Kirollos Nashed’s trial on charges of “contempt of Christianity” adjourned, Bishop Benjamin’s lawyer demands the maximum penalty

Press Release

24 January 2024

On January 23rd, the Economic Misdemeanor Court in Tanta adjourned the trial of Kirollos Refaat Nashed to February 6th, to issue a verdict while ordering the defendant to remain in custody. 

Nashed, who works as an assistant lecturer at the Faculty of Electronic Engineering at Menoufia University, is being tried based on a complaint filed by Anba Benjamin, the Archbishop of Menoufia, on a background of religious discussions between the lecturer and the priests of the Martyr Mar Girgis Church in Menouf.

During the session, a new legal representative of Anba Benjamin acknowledged the bishop’s intent to sue Nashed for damages worth 100,001 pounds, despite the bishop having previously denied in televised statements that he asked his former lawyer to do so. The lawyer joined the Public Prosecution in its requests, demanding the maximum penalty against Nashed. 

During the previous session, held on January 16th, the court requested the presence of Bishop Benjamin to confirm his desire to lodge a complaint against Nashed, after the bishop appeared on several Christian TV channels during which he affirmed that he asked his lawyer to close the defendant’s Facebook page only, and did not ask him to file a complaint against or to sue Nashed.

The Public Prosecution levelled a range of charges against Nashed in Case No. 144 of 2024 (Economic Misdemeanor – Tanta). The charges included violating the Egyptian family principles and values, violating the privacy of Bishop Benjamin, insulting and defaming the victim over the phone “by attributing to him things that, if true, would have led the people of his country to disrespect him”, intentionally harassing the bishop by misusing telecommunications equipment, creating and running a Facebook account to commit the crimes stated in the accusations, and disdaining Christianity by promoting extremist ideas.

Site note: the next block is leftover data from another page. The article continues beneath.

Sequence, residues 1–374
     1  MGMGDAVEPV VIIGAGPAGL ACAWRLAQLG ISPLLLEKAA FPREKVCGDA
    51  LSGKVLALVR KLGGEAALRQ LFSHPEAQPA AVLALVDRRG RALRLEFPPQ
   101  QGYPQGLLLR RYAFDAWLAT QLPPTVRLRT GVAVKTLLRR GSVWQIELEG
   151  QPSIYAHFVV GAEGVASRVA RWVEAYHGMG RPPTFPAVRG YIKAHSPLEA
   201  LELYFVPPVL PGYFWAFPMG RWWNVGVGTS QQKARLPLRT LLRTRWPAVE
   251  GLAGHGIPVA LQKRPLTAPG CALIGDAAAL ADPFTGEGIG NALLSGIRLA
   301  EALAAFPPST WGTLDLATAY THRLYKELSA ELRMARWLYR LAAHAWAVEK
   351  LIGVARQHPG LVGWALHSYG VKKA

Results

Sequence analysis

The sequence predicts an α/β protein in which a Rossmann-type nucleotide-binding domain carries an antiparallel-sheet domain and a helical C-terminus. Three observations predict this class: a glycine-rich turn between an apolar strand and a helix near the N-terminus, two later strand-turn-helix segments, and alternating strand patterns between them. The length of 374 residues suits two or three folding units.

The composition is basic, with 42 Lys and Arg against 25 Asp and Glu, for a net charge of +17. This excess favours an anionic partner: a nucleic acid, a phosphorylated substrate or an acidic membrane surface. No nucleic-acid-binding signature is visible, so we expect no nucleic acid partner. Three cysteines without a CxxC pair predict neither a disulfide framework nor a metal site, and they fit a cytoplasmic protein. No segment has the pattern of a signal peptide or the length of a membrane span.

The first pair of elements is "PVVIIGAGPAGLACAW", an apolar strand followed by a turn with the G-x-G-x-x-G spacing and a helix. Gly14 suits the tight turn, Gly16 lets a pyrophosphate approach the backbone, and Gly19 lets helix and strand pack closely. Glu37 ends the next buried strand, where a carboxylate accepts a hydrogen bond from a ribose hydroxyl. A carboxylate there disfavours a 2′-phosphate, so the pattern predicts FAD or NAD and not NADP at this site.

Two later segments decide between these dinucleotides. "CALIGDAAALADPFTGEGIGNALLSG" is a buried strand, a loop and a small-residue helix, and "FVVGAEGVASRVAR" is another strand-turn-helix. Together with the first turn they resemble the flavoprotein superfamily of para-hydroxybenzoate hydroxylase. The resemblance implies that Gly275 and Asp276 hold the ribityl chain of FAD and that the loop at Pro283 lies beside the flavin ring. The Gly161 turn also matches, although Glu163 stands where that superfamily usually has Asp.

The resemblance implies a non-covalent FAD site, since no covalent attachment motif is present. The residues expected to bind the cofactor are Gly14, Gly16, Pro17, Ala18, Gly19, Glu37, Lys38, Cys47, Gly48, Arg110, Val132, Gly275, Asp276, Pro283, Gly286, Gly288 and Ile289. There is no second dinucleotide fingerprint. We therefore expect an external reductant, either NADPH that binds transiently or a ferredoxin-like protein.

If convicted, Nashed could face imprisonment for up to five years and a fine of up to 300,000 pounds.

The defendant’s defence team, including EIPR lawyer Samuel Tharwat, presented several arguments, most notably the invalidity of the referral order, the non-application of Article 98 (f) of the Penal Code on contempt of religion and Article 25 of the Anti-Cybercrime Law to the case, the lack of elements of insult and defamation, and the invalidity of investigations.

EIPR warned in a previous statement that Nashed’s trial comes in the context of the crackdown on freedom of expression by institutions and individuals seeking to impose their religious guardianship on citizens in a climate that restricts public freedoms and is supported by state institutions, which should have defended the citizens’ right to freedom of belief and practice of religious rites.

For more details on cases of “contempt of religions”, please see the map of religious freedoms.